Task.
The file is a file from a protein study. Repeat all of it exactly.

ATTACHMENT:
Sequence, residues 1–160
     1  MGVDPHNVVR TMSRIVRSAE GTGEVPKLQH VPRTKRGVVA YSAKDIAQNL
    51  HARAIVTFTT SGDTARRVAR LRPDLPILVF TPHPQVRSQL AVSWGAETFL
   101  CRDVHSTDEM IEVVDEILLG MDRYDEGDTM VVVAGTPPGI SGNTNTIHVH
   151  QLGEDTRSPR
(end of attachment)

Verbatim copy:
Sequence, residues 1–160
     1  MGVDPHNVVR TMSRIVRSAE GTGEVPKLQH VPRTKRGVVA YSAKDIAQNL
    51  HARAIVTFTT SGDTARRVAR LRPDLPILVF TPHPQVRSQL AVSWGAETFL
   101  CRDVHSTDEM IEVVDEILLG MDRYDEGDTM VVVAGTPPGI SGNTNTIHVH
   151  QLGEDTRSPR